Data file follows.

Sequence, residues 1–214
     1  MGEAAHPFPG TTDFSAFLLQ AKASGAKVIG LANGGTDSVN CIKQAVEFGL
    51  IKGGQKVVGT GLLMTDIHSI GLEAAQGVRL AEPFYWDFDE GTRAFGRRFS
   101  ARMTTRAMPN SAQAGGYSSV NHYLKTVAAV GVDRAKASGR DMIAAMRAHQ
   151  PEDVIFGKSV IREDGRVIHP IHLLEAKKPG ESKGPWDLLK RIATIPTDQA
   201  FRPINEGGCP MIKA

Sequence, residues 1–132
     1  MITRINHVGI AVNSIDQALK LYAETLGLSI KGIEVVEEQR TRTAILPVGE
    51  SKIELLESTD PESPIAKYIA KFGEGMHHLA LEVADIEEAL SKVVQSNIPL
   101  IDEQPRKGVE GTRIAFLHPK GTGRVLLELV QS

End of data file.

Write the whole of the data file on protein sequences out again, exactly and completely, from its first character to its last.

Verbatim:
Sequence, residues 1–214
     1  MGEAAHPFPG TTDFSAFLLQ AKASGAKVIG LANGGTDSVN CIKQAVEFGL
    51  IKGGQKVVGT GLLMTDIHSI GLEAAQGVRL AEPFYWDFDE GTRAFGRRFS
   101  ARMTTRAMPN SAQAGGYSSV NHYLKTVAAV GVDRAKASGR DMIAAMRAHQ
   151  PEDVIFGKSV IREDGRVIHP IHLLEAKKPG ESKGPWDLLK RIATIPTDQA
   201  FRPINEGGCP MIKA

Sequence, residues 1–132
     1  MITRINHVGI AVNSIDQALK LYAETLGLSI KGIEVVEEQR TRTAILPVGE
    51  SKIELLESTD PESPIAKYIA KFGEGMHHLA LEVADIEEAL SKVVQSNIPL
   101  IDEQPRKGVE GTRIAFLHPK GTGRVLLELV QS